The central nervous system (CNS) is a major target for ischemic damage in individuals with sickle cell disease. Between 22% and 40% of children with sickle cell anemia (SCA; hemoglobin SS [HbSS] and hemoglobin S-β0 thalassemia) will experience a clinically evident stroke or a more subtle infarct seen on neuroimaging (silent cerebral infarct [SCI]), before age 15 years.13 Neurocognitive impairment, particularly in the functional domains of executive function (processing speed, memory, attention and concentration, visual processing, and visual-motor integration), is associated with both silent and overt stroke.15 Neurocognitive impairment can occur in the absence of overt or silent stroke; however, the exact timing, magnitude, and frequency of these deficits are not known. Because the most rapid growth of brain occurs during the prenatal period and first 2 years after birth, damage to the brain can occur during infancy and the toddler years but not be detected functionally until much later.6 In addition, elevated stroke risk associated with higher cerebral vascular flow rates detected by transcranial Doppler ultrasonography (TCD) is also associated with poorer neurocognitive function.7

Changes in the CNS white and gray matter and cerebral blood vessels do not fully account for the range of neurocognitive impairment in children with SCA. The Cooperative Study of Sickle Cell Disease, a multicenter natural history study of children followed from birth through adolescence, reported that neurocognitive function was ~1 SD lower over the period between 6 and 16 years of age in a subgroup of children with SCA who had no evidence of abnormality on brain MRI.8 This suggested that other mechanisms besides stroke may contribute to a broader range of risk for neurocognitive impairment for children with SCA than previously considered. One potential mechanism may be chronic anemia, which was found to be associated with below-average nonverbal function in 33% of neurologically intact adults with SCA.9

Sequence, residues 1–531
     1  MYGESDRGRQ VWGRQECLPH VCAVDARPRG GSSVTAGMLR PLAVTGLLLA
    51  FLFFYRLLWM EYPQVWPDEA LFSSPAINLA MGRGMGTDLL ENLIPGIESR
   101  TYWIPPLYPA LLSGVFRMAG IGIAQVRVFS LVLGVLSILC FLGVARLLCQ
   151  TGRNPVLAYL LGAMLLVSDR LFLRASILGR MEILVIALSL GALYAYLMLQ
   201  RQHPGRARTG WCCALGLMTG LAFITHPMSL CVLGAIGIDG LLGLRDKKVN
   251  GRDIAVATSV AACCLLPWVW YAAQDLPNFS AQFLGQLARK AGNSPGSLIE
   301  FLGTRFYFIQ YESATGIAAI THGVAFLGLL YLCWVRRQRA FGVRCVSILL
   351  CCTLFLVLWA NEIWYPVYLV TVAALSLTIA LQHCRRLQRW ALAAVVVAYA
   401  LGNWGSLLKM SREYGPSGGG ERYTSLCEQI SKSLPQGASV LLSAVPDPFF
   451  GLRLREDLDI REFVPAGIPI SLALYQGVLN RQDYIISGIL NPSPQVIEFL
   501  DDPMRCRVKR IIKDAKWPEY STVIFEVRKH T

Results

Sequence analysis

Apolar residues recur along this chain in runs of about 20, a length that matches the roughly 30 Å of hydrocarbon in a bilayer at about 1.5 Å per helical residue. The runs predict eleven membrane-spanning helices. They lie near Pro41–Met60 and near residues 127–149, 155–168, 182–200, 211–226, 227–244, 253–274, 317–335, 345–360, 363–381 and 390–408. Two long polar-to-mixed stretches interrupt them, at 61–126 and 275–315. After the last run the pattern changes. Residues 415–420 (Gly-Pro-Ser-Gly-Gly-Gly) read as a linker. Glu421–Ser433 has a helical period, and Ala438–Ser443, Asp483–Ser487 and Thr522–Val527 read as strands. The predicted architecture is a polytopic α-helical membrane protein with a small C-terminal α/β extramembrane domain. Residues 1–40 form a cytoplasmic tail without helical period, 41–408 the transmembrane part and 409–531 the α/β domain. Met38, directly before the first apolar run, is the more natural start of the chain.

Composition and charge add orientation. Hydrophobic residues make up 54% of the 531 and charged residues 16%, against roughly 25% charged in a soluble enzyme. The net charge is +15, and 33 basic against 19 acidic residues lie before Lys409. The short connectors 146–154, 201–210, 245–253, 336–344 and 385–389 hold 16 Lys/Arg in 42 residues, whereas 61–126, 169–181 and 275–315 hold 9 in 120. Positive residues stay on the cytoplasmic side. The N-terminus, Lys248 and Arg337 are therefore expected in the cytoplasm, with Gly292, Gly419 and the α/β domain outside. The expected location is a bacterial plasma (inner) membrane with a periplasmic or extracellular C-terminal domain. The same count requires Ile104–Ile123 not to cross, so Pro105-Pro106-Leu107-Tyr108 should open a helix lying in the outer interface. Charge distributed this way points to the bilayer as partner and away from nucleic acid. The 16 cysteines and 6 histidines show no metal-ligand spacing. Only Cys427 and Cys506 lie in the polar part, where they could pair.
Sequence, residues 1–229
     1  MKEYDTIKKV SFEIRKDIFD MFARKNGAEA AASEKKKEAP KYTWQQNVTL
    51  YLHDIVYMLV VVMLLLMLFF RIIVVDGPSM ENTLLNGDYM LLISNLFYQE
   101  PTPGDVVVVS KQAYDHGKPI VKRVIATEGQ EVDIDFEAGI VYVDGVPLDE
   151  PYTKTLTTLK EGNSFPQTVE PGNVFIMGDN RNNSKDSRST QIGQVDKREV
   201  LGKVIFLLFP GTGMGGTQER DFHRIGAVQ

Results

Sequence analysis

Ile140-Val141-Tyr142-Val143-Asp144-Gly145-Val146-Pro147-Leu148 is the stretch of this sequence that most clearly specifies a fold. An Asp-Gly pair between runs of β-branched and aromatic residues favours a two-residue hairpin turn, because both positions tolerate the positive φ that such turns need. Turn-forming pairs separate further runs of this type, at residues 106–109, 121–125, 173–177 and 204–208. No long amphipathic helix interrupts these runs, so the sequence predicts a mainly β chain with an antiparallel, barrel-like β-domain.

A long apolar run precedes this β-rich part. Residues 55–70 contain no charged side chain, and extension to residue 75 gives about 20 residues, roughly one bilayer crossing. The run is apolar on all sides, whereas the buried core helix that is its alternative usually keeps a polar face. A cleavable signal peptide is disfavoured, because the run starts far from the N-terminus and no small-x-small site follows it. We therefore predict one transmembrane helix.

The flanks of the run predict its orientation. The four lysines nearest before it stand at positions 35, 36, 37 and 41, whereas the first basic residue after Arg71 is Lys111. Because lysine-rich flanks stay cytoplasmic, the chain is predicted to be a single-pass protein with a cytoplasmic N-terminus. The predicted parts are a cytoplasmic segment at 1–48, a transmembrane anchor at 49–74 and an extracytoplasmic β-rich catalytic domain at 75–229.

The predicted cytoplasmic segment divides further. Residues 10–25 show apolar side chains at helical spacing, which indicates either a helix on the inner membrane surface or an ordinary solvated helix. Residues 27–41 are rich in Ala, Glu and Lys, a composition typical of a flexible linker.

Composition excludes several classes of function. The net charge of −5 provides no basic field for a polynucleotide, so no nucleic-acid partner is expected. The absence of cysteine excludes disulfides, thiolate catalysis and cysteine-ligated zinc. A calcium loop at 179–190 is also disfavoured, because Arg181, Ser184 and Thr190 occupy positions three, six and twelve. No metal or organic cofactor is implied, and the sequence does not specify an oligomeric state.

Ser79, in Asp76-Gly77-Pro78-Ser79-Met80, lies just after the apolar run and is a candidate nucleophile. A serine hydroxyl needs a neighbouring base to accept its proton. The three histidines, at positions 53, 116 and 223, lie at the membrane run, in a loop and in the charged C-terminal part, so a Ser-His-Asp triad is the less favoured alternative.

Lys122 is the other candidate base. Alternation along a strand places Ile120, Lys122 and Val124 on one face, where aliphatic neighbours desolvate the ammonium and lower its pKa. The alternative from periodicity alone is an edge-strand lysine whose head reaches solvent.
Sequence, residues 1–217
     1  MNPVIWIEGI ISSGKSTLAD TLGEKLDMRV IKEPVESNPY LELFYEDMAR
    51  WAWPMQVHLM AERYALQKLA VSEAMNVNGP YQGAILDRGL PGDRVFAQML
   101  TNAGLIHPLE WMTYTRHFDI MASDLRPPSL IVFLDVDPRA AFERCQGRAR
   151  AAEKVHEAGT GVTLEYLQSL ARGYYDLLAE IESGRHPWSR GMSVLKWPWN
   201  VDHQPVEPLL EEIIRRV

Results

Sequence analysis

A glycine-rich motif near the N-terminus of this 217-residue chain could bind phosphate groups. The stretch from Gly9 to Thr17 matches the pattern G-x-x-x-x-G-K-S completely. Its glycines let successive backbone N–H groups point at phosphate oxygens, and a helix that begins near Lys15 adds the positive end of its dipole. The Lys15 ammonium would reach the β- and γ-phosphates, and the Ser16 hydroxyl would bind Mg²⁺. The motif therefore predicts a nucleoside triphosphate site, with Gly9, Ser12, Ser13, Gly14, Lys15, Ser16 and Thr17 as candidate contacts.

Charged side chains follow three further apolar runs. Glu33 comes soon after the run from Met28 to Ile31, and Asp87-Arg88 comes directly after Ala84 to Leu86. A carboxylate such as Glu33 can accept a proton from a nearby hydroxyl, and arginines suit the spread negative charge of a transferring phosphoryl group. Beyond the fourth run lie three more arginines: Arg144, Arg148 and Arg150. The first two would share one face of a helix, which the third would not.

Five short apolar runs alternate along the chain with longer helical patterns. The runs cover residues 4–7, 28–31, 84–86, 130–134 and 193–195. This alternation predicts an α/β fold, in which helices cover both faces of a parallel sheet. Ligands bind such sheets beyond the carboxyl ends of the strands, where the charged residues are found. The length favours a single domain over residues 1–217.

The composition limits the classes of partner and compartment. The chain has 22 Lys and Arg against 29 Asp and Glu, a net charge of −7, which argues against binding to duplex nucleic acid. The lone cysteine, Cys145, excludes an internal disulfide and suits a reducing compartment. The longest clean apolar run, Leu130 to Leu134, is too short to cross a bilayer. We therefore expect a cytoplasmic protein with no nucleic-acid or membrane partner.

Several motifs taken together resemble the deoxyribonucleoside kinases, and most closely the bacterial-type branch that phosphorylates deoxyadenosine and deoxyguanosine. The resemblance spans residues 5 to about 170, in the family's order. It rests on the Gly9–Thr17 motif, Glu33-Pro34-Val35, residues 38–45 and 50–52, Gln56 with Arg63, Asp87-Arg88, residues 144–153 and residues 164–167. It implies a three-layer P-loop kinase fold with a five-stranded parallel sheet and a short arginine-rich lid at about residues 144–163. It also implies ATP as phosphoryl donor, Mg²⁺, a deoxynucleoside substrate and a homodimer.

Investigations of early neurodevelopmental function in infants and toddlers with SCA have yielded mixed results. No significant impairment was found in infants screened by using the Denver Development Screening Test, although there was a trend for older children to have more questionable and abnormal performance.10 Another prospective study in infants with SCA evaluated by using the Bayley Scales of Infant Development at ages 6, 12, 24, and 36 months of age reported a significant decline in function on cognitive (Mental Developmental Index [MDI]) but not psychomotor (Psychomotor Development Index [PDI]) function. The decline was most evident between 12 and 24 months of age.11 In a recent report from the BABY HUG trial in 23 children aged 10 to 18 months (mean = 13.7 months) who completed baseline MRI/ magnetic resonance angiography (MRA) of the brain, 3 had evidence of silent infarcts that were associated with increased TCD flow velocity (time-averaged mean maximum [TAMM]) and low hemoglobin F concentrations, but not with older age or impaired developmental function.12 These same children represent a subset of this report. Although few in number, these studies suggest that CNS and neurodevelopmental risks are present for very young children with SCA.